The Turkish election result could send a message to the world

The Turkish election result could send a message to the world

The EU issued a notably chilly statement that did not congratulate Erdogan or mention him by name and asserted that campaign conditions were "not equal".

Several world leaders supportive of Erdogan, including Azerbaijani President Ilham Aliyev and Qatari Emir Tamim bin Hamad Al-Thani, called to congratulate him on his "victory", the presidency said.

He also pledged a more "determined" fight against outlawed Kurdish rebels and alleged members of a movement led by USA -based cleric Fethullah Gulen, whom he accuses of orchestrating a 2016 failed coup against his government.

After being declared the victor, Erdogan on June 25 said he would act more decisively against terrorist organizations and would liberate more territory in Syria to allow "our guests" to go home safely, referring to the thousands of Syrian refugees who have fled the bloody seven-year civil war in the Middle East country.

"The way the Turkish judiciary works will change after the state of emergency is lifted", he said.

The president said he needed a stronger mandate to deal with Turkey's economy and security issues in the region, including the fight against terror. But instead of voting for the opposition, Turkey's conservatives seem to have decided that Erdogan is their best bet to overcome an impending economic crisis.

Mr Erdogan, 64, returns to power after gaining a comfortable 52.6% of the vote - but his ruling Justice and Development Party suffered losses as it polled 42.5% in a parliamentary ballot.

Mr Erdogan's main rival, Muharrem Ince of the Republican People's Party (CHP), conceded defeat but branded the elections "unjust" and said the presidential system that now takes effect was "very dangerous" because it would lead to one-man rule.

"If I were to speak to officials in Brussels, a few years back I would have said to them 'where were you, where were you?' referring to the early years, but now I think I would tell them that this is a global pattern, rising populism is a global pattern and people in Europe have just begun to experience how maddening it is, so imagine us, 16 years, trying to survive in these conditions".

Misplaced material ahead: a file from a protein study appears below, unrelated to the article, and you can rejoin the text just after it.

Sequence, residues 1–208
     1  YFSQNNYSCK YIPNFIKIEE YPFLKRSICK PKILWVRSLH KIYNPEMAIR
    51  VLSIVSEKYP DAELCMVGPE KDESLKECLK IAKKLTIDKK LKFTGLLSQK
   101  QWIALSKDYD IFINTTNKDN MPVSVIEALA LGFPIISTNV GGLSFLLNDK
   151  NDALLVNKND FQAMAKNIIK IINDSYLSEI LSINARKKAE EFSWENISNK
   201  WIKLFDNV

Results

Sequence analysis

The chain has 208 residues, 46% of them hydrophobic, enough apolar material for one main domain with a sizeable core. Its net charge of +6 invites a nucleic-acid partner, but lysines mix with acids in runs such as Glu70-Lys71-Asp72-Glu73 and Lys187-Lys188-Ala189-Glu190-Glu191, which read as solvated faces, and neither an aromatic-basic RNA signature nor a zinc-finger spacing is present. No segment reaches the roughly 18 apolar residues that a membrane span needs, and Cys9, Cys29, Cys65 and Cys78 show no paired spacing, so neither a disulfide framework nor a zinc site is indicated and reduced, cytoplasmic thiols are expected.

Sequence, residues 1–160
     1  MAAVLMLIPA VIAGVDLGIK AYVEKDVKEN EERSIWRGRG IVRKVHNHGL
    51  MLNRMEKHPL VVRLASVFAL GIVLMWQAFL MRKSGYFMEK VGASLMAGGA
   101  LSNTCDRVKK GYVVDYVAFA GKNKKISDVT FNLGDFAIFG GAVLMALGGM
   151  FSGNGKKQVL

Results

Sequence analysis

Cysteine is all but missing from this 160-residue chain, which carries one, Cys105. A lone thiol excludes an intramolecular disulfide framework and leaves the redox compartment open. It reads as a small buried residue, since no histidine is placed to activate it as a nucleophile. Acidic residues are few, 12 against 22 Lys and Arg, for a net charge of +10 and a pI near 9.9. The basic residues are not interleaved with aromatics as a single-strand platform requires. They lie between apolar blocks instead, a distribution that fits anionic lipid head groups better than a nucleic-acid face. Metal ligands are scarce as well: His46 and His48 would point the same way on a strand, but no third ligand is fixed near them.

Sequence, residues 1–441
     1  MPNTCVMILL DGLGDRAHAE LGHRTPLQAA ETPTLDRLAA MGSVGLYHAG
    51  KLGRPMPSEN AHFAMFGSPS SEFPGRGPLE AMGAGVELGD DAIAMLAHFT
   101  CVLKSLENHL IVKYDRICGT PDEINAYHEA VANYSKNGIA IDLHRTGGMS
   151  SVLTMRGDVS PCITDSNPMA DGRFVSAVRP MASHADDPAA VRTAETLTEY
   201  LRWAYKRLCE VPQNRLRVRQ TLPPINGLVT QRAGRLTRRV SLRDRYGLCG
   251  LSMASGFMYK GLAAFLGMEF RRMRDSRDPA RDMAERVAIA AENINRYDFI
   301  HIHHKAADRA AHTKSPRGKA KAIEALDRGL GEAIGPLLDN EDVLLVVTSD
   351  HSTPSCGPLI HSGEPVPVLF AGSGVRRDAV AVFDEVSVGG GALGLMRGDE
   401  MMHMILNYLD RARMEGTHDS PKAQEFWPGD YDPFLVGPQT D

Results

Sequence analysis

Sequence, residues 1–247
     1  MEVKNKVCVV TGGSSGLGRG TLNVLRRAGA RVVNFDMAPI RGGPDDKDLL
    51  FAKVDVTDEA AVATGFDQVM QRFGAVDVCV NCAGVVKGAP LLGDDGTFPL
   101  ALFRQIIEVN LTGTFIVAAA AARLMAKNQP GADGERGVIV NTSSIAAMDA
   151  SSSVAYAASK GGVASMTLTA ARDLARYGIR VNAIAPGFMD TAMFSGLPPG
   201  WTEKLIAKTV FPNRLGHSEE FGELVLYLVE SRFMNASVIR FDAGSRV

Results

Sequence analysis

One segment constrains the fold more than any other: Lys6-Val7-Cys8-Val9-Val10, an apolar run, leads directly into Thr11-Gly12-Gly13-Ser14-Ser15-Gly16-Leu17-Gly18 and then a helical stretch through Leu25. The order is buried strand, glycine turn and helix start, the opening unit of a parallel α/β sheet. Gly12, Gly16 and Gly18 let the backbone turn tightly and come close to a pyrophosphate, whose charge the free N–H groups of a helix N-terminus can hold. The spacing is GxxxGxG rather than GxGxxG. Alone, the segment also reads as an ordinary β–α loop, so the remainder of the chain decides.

"There are no significant differences between our records and the Supreme Election Council's records", Ince told reporters.

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It was unclear whether Erdogan was also referring to Indonesia, the world's largest Muslim country and thirdlargest democracy, which will hold its presidential election in April next year.

Muharrem Ince, Turkey's main opposition candidate, conceded defeat but described the election as "unjust" and warned that Turkey was entering a unsafe regime of one-man rule.

"Be the president of 81 million (Turks), embrace everyone", he said. "That's what I would have done if I had won".

Turkey's High Electoral Board declared Erdogan, 64, the victor of Sunday's polls, which usher in a new executive presidential system that was approved in a referendum past year.

"We're now in a one-man rule - there's no mechanism to prevent arbitrary rule".

Recep Tayyip Erdogan has been elected as the first executive president of Turkey under the new presidential system. The TRT journalists left.

For one thing, the Turkish economy is doing well now, a boon to the Erdogan administration that might not last another year.

In addition to the country-wide celebrations, with young and old taking to the streets, Turks overseas also flocked to the streets to celebrate Erdoğan's victory, particularly in European countries. The pro-PKK Peoples' Democratic Party (HDP) received 11.7 percent of the vote and secured 67 seats.

In a tweet, Demirtas hailed a "great victory" despite suffering "the biggest injustice of the campaign". He denies any wrongdoing.

The outcome of the vote is the culmination of years of Erdoğan's pursuit of an executive presidency, a goal that has seen the Turkish leader ascend the highest echelons of power in the country while simultaneously crushing opponents, intimidating or co-opting dissident media outlets, and reprising a role as commander-in-chief protecting Turkey from external and internal enemies. It will be interesting to see if the new parliament might address these problems and take action to ensure that Turkey's next elections are, in fact, free and fair.

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